Elizabeth – I don’t believe that real estate blogs are boring by nature; I just think that people don’t really understand the ART (and there is an art to it) of blogging. That said, due to the popularity and ease of use of social networks, people have moved their online social efforts away from blogs and towards these networks — to their detriment, I believe.

      As for ads on real estate blogs, I’m actually with you on this. If you’re an agent, investor, or other professional that is blogging to promote yourself and your business, I see little reason to place ads on your blog, and do believe that they are a distraction from your message.

      The relatively minuscule incremental income that comes from the ads certainly isn’t worth the loss of potential clients. That said, sites like this one and other informational blog sites should certainly monetize as they can.

      • http://SparksRealEstate.org Joe Salcedo

        ” and do believe that they are a distraction from your message…”

        …I don’t know, just thinking that some of our paradigms might be due for reconsideration. Because I really used to believe this too. It’s almost like I’m beginning to question the use of personal domain in emails…the conventional business thought is use your own…e.g., “Joe@laketahoeshortsaleexpert.com” because it sure looks professional than joe@gmail.com…but now that people are so used to professional domain emails, I’d love to test this theory out…because my domain makes them think! 26 Letters! a totally foreign group of words that I’m telling them to type in their busy hour.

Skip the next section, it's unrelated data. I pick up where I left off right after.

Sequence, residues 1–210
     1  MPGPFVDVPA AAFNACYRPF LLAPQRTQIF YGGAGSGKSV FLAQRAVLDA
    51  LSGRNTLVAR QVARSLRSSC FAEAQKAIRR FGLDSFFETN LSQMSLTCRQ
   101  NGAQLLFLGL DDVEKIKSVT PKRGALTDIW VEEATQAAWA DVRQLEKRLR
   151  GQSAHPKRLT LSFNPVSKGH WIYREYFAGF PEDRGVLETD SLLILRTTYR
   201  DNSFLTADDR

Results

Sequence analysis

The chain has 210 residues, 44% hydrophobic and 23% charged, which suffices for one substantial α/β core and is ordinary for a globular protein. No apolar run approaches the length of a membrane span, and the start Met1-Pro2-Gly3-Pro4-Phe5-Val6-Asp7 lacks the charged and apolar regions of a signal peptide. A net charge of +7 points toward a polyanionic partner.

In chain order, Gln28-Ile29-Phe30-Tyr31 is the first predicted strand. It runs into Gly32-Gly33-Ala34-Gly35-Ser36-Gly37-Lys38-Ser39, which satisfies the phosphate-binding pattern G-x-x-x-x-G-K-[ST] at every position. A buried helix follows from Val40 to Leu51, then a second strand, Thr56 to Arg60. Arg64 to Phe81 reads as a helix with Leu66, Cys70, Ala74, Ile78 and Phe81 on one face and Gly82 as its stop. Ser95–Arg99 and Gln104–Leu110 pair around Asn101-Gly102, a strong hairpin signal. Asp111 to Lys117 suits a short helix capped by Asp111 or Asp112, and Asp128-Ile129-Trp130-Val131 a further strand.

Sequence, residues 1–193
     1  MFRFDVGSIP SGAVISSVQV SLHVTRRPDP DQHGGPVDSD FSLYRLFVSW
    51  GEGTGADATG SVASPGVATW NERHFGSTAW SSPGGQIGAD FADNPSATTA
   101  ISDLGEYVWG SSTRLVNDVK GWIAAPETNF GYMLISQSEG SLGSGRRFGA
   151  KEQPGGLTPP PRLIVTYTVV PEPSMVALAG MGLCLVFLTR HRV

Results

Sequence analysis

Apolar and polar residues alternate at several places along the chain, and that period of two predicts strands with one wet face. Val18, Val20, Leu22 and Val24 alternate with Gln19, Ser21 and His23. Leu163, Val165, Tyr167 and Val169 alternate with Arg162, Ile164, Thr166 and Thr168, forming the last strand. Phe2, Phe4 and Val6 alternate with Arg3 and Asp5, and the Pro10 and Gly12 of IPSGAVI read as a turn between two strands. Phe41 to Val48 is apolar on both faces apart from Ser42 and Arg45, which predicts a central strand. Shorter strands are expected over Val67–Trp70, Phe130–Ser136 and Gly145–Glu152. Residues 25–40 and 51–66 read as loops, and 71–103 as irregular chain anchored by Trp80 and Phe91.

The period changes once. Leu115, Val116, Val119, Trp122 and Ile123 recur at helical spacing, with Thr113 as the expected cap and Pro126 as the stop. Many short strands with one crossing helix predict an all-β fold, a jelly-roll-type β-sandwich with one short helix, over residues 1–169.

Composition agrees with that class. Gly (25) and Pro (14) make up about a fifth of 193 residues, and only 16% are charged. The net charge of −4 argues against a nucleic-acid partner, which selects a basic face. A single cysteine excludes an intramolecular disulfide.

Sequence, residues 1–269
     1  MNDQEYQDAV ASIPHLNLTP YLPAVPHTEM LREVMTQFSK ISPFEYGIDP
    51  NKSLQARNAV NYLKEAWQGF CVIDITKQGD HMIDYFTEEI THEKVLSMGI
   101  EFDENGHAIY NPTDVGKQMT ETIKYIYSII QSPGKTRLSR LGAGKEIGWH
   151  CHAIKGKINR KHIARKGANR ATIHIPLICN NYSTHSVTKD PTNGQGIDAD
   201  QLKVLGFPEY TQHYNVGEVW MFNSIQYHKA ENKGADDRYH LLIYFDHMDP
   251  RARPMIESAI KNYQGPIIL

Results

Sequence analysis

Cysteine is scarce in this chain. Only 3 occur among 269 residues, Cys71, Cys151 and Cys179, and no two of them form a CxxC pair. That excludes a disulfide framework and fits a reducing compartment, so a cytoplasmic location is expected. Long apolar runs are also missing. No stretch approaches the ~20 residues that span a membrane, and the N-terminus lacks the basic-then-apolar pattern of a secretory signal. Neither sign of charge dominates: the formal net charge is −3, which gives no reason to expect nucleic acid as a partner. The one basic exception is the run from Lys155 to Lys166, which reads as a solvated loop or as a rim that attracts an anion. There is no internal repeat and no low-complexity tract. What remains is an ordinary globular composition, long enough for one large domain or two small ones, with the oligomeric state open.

In any case, I do respect you and Elizabeth’s opinion. Mine needs to be proven first.

      • http://bigrockinvestments.com/ Michael Borger

        Some are boring. The problem with the internet and free blog platforms is the barrier to entry is basically nil. Anyone, no matter their RE knowledge or writing ability, can start a RE blog. While it can make it easier for the cream to rise to the top, it does make being found in a sea of blogs inherently more difficult.

        • http://www.biggerpockets.com Joshua Dorkin

          I agree with you 100%. That said, as the “fad” of blogging has died down and the shiny object focused marketers have moved to places like Pinterest (don’t get me started), it has become much easier for good bloggers to rise up.

          • http://bigrockinvestments.com/ Michael Borger

            True, good content will always find its way at or near the top. With Panda, Penguin and all the other SEO games out there, being a solid, effective and consistent on-topic writer is the greatest play of all.

          • http://www.biggerpockets.com Joshua Dorkin

            Absolutely. If you’re doing just that, all the updates are relatively meaningless unless you’re trying to game the system.

  • http://www.facebook.com/petertoner Peter Toner

    Future of Real Estate
    Marketing (FOREM) blog was founded by Joel Burlem and taken over by
    Katie Lance (Inman News) when Joel started with 1000watt Consulting. FORUM was folded into Inman Next (http://next.inman.com/) last year – so it didn’t really go away … it just evolved :-)

  • http://www.1000wattconsulting.com Joel Burslem

    I was pretty sad to see FOREM go too – for obvious reasons. Lots of fond memories there.

    We still blog over at 1000watt, but the grind of creating content day in and day out is definitely wearing. I think that’s largely the reason activity has tailed off. As others have pointed out, other soc.nets have siphoned off people’s attention too.